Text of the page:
Additionally, 18 teachers participated as secondary informants. They had daily contact with the primary informants and were well positioned to comment on how school ecologies had facilitated the resilience processes of the primary informants. The least experienced of these teachers had taught learners with ID for three years, and the most experienced for 38 years.

SPSID Context in the Current Study

The informants came from five different SPSIDs, all in the Gauteng province. Gauteng has the largest number of special schools in South Africa, and in line with WP6, the Province has invested in strengthening the capacity of these schools to provide quality education (Walton, 2014). All of these schools are characterised by a fairly low number of learners per class (on average, 12 to 20 learners). This enables teachers to provide learners with individual attention, according to need. Academic work is tailored to the intellectual ability and pace of individual learners. At each of these schools, teachers are supported by occupational, physio- and speech therapists, as well as resident psychologists. In one school, which had a high number of learners with physical disability at the time of the study, teachers were also supported by a classroom assistant. The acquisition of life skills (hygienic habits, good manners, etc.) is prioritised to support learners with ID to be socially acceptable in their community. Learners can participate in a variety of sporting activities (e.g., soccer, softball, athletics, netball, etc.). Different SPSIDs compete against one another in sporting activities, allowing learner competition against opponents with similar barriers and, thus, opportunity for success. For instance, learners with Down Syndrome compete against others with Down Syndrome in athletics items that they are physically capable of doing, e.g. 80m sprint, shot put, and long jump (high jump and longer distances are excluded).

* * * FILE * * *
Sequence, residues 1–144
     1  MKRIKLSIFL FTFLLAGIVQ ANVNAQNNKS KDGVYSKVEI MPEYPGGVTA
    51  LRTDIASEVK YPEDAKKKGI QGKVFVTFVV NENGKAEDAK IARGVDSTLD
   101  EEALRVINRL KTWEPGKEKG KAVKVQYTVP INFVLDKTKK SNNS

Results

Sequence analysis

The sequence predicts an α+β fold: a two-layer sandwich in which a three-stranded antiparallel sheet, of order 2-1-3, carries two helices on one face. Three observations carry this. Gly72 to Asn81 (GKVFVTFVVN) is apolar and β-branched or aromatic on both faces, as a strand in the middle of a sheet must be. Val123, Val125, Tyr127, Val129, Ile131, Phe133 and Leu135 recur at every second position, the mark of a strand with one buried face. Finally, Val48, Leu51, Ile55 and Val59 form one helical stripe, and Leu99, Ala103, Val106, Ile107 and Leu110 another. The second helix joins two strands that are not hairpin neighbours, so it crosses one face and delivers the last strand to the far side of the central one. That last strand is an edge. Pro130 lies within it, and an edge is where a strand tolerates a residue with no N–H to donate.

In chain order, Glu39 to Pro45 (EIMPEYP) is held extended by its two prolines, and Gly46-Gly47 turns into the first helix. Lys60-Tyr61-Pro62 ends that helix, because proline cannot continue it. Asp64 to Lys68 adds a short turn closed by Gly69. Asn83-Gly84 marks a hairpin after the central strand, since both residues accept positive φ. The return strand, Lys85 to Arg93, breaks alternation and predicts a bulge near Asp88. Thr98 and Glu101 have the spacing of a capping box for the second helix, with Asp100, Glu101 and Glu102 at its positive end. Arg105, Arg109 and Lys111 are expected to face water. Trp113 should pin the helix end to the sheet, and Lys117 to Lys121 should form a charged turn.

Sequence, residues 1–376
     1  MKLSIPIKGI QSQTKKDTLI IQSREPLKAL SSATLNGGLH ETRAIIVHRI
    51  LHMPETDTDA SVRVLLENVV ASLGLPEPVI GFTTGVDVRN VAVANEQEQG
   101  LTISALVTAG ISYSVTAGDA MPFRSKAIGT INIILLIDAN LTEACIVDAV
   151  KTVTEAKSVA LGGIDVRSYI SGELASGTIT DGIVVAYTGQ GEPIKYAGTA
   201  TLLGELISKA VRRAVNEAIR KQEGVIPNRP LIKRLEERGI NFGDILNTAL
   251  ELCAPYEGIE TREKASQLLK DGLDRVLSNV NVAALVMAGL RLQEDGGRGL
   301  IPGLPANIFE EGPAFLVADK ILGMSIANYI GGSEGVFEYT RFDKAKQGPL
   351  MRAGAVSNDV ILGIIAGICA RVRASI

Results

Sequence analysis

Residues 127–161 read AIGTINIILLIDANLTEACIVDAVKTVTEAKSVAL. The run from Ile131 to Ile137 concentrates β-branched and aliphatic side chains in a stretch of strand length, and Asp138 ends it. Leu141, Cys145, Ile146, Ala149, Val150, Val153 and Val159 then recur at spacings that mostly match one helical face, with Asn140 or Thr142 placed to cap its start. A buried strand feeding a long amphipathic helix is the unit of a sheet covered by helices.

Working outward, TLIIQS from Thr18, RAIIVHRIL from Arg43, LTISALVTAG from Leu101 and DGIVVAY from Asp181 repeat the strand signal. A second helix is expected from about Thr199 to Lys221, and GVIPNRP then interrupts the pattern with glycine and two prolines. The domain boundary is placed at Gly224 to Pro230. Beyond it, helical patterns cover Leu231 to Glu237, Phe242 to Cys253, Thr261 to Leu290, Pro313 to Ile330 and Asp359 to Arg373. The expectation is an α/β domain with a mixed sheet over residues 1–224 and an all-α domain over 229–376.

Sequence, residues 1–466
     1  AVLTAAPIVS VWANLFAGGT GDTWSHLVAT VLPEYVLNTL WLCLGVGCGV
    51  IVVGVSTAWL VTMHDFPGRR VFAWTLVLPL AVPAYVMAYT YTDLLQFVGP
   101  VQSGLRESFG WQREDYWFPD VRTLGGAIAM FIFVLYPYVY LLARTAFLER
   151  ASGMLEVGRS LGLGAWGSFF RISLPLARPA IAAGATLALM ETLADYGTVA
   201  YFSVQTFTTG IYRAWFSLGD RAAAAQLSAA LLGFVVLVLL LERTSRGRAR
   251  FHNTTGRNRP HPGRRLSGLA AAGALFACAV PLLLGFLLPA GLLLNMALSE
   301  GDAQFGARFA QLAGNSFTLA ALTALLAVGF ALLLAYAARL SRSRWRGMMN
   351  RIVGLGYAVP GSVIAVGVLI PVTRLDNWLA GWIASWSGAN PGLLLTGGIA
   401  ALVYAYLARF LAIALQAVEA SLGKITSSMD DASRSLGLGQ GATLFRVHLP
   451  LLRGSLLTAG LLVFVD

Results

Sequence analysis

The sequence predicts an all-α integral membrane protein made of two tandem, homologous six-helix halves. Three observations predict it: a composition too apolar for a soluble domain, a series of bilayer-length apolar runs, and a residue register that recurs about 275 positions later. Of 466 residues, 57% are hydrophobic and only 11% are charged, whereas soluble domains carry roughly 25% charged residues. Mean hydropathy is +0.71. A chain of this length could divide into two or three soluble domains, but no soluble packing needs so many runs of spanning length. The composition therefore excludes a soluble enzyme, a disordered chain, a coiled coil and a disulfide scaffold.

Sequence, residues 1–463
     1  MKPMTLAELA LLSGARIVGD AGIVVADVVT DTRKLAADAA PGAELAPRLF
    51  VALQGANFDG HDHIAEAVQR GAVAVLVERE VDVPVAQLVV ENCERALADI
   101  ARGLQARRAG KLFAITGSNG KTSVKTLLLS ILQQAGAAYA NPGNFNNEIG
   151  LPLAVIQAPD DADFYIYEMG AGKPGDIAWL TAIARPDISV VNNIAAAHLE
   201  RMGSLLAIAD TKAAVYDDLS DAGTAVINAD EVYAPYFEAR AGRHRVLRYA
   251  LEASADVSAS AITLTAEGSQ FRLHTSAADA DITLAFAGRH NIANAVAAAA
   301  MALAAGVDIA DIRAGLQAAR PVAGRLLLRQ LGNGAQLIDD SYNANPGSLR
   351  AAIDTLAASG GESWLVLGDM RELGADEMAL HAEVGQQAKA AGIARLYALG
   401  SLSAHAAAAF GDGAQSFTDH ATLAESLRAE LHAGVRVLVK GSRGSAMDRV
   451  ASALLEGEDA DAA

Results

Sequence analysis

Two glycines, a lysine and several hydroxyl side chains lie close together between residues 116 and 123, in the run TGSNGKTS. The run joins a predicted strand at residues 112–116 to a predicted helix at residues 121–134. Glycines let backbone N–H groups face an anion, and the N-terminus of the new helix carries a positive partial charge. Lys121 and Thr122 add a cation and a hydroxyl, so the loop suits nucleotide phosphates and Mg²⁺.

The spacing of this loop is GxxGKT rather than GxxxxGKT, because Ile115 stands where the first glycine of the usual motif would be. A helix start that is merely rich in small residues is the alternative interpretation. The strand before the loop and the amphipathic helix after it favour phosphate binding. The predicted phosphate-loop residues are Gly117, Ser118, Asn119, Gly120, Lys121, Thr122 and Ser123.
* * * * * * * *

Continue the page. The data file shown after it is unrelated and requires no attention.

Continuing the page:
Data Generation

We used the Draw-and-Talk method (Mitchell, Theron, Stuart, Smith & Campbell, 2011), because it is a relatively simple means of qualitative data generation that is not overly reliant on participants' verbal capacity or literacy skills. Accordingly, primary informants were asked to represent their experience of what contributed to their resilience by drawing it and then explaining the drawing's meaning in their own words. Every primary informant was approached individually and, after he/she had been given a piece of paper, grey pencil, and colouring crayons, asked: "What has helped you to do well in life? Please draw what helped you to do well at times when you felt that life was difficult".i This drawing session was immediately followed by unstructured inquiry, where they could explain their drawing (reality) in their own words (Guillemin & Drew, 2010). Teachers added to this information by completing an open-ended questionnaire about the primary informants' risks and how they coped well with these.